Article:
The 12th century Renaissance

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The 12th century Renaissance

The 12th century Renaissance is a period marked by numerous changes, mainly in the political, social and economic arenas. It was also characterized by the intellectual revitalization of Western Europe with the establishment of scientific and philosophical foundations.[1] The period saw the rebirth of classical Greek and Latin texts with an enhanced focus on sciences and philosophy. These transformations created a path for later accomplishments such as the artistic and literary campaign of the Italian Renaissance that took place in the 15th century and the scientific developments witnessed in the 17th century. Despite the revival of the classical literature’s great works, the revived works of Aristotle and other significant Greek and Latin thinkers overshadowed the numerous other significant arts of classical literature.


Philosophical studies dominated the time of most scholars, leaving minimal time available to learn classical literature. However, original and authentic Latin prose and verse were established during the period, resulting in its recognition of the 12th century as the last century of global poetry. Original research was conducted and applied during the writing of history books as compared to earlier books based off of or simply copied from Tacitus or Livy. Translation of the works by Ptolemy, Euclid, astronomical and Arabic mathematical works, medicinal works of Galen, Hippocrates and Avicenna as well as the entire works of Aristotle, took place, although great works of Classical Greek literature were left untranslated.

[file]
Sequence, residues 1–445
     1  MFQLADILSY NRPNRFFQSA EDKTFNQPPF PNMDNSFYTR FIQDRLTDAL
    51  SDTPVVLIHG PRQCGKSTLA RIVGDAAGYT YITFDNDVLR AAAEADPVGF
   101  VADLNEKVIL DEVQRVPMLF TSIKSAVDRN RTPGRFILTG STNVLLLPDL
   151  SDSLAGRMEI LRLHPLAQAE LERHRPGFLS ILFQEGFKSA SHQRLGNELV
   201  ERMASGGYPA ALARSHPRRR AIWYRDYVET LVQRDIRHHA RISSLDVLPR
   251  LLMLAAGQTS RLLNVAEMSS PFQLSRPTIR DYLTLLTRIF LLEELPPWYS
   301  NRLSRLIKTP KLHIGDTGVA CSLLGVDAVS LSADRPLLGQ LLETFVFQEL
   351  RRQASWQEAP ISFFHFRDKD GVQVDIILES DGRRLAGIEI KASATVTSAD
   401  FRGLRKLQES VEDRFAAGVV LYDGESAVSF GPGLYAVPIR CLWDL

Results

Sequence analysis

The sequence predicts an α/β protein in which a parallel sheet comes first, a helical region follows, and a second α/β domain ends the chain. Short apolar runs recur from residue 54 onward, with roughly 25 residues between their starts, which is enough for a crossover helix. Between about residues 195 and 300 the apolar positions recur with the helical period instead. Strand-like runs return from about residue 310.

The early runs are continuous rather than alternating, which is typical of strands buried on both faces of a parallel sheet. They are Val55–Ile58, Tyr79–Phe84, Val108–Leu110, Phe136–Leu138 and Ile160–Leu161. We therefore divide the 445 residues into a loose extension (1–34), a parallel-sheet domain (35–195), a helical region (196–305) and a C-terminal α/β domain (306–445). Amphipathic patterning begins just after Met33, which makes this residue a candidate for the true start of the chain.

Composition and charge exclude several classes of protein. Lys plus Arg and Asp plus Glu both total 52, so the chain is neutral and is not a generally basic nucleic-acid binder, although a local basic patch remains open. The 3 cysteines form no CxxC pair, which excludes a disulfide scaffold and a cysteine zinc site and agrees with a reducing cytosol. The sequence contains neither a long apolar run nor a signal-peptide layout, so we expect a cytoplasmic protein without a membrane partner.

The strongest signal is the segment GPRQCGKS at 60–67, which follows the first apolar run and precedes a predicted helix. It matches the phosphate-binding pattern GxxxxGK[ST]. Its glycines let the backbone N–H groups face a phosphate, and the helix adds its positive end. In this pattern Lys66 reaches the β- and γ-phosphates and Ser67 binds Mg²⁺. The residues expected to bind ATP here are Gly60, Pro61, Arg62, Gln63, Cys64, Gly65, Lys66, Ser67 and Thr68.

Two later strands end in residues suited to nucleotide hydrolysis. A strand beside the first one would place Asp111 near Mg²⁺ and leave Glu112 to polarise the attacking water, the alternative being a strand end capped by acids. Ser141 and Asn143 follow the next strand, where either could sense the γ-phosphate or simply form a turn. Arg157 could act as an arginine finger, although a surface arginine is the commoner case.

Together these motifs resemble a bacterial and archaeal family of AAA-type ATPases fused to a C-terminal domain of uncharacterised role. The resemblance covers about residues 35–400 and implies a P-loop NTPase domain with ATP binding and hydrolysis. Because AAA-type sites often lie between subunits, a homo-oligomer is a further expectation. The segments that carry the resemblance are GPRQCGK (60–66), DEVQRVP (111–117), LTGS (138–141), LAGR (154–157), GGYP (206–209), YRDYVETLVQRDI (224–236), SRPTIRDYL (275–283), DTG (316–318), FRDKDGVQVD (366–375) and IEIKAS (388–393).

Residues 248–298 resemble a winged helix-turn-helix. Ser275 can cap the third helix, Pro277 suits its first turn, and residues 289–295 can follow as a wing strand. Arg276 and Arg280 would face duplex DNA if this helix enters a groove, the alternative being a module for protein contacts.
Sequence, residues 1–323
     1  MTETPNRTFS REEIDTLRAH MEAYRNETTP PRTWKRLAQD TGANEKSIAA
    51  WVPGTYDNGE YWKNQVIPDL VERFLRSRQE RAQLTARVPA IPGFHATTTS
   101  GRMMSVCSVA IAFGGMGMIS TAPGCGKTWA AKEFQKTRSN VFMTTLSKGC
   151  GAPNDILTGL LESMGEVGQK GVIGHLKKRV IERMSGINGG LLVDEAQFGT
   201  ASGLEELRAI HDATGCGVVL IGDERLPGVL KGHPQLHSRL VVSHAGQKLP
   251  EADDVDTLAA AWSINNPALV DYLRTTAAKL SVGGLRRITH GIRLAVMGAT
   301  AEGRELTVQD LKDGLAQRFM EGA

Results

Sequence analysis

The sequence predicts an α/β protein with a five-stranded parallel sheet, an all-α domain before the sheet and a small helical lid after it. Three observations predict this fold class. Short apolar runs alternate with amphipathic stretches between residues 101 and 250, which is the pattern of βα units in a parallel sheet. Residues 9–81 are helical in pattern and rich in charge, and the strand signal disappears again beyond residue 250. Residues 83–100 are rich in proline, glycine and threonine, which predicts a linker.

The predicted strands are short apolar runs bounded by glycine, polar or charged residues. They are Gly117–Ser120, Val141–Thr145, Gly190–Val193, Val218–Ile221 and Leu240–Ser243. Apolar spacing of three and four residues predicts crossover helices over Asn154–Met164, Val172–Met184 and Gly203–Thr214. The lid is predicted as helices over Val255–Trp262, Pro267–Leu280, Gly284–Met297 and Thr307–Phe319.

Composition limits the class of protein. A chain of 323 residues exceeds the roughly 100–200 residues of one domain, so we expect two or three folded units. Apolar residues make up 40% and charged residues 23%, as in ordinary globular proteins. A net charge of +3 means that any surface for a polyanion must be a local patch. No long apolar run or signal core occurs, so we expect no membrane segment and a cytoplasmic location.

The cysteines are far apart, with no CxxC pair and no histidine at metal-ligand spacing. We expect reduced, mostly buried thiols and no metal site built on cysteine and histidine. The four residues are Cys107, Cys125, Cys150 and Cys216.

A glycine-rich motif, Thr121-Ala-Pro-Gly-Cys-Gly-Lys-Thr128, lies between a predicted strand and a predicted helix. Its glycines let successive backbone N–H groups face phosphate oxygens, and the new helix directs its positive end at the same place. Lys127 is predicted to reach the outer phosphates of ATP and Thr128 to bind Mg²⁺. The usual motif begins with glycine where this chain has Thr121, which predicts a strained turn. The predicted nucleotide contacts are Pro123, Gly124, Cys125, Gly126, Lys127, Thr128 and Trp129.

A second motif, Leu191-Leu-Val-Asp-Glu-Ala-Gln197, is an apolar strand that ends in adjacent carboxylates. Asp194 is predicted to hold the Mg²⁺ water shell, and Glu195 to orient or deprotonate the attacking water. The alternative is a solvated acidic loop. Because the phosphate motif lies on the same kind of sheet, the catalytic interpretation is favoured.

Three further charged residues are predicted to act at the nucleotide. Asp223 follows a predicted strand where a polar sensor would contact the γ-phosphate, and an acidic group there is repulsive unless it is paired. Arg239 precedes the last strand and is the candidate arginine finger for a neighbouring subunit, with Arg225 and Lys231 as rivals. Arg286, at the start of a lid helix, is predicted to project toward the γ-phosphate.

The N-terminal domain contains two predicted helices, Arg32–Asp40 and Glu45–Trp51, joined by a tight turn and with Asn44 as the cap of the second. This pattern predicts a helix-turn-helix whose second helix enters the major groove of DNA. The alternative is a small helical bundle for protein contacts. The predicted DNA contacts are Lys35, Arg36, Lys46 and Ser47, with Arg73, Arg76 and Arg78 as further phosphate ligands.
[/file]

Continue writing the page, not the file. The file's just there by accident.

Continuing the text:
Despite the absence of original and authentic thoughts and ideas in some fields, the 12th-century Renaissance was a period of significant development for scientific and philosophical study. In addition to much authentic and original Latin poetry, a significant range of other works were also translated.[2] Despite the period being overshadowed by the 15th-century renaissance, it had a significant role in the enhancement and development of western civilization, some of the notable aspects of which in the 12th century included courtly love and the rise of Gothic Art.

Courtly love was a significantly conventionalized code that was applied as a prescription for the behavior and character of women and their lovers. “Students were not the only group to gain a sense of group solidarity in the twelfth century. Nobles forged a common class identity during this period in part through new forms of vernacular literature that flourished in aristocratic circles. Long poems examining the relationships between knights and their lady loves were especially popular”.

Consequently, courtly love formed a popular topic in medieval literature, whose start was marked by the troubadour poetry of Provence and Aquitaine in Southern France at the end of the 11th century. The term courtly love was widely used in the late 19th century through the art of Gaston Paris, a French philanthropist, although the term itself was hardly applied in the medieval literature of any European dialect. Courtly love had some outstanding characteristics and some of its basic features include its use to emphasize chivalry and nobility. It is depicted by examples, in medieval literature, of knights going on various missions and executing certain duties for women due to their courtly love.

Other characteristics associated with courtly love are that it was aristocratic. This is because it was only practiced by ladies and the nobility. It was also ritualistic. The main reason for indulging in courtly love was to gift or acquire tokens representing the noble’s relationship. Similarly, such affairs were secret in that the lovers or the couple formed a secret community. They existed in their own special world that encompassed rules, secret rendezvous, commandments and codes.